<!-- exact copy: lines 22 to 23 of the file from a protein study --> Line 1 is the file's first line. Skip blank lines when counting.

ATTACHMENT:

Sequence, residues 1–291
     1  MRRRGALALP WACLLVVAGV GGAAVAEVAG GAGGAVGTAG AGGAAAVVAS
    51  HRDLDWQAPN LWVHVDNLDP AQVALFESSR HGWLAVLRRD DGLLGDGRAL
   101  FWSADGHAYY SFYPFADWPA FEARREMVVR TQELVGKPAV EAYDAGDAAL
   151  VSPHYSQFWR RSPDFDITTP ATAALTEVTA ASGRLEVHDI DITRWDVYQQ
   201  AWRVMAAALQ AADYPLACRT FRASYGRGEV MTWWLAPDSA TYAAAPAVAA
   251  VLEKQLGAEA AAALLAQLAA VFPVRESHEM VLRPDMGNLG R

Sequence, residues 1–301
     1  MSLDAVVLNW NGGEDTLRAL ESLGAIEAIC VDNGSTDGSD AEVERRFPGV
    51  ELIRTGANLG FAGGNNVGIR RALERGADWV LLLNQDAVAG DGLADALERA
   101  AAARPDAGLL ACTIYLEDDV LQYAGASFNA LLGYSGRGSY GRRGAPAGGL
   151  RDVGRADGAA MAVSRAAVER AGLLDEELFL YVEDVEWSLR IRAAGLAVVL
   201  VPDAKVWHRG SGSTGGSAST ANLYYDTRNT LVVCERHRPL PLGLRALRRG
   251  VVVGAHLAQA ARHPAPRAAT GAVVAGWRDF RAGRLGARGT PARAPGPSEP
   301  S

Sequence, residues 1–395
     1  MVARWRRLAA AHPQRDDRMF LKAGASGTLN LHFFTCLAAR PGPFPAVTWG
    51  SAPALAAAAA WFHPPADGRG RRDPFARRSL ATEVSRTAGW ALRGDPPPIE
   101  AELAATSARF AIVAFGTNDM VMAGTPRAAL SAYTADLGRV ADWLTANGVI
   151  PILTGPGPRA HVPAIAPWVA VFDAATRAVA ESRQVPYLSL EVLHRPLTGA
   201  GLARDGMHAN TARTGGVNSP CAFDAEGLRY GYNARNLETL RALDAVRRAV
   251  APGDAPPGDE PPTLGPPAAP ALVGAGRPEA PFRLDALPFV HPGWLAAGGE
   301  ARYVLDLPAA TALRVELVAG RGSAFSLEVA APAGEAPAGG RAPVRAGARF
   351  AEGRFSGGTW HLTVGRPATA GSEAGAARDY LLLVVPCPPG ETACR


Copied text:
   251  APGDAPPGDE PPTLGPPAAP ALVGAGRPEA PFRLDALPFV HPGWLAAGGE
   301  ARYVLDLPAA TALRVELVAG RGSAFSLEVA APAGEAPAGG RAPVRAGARF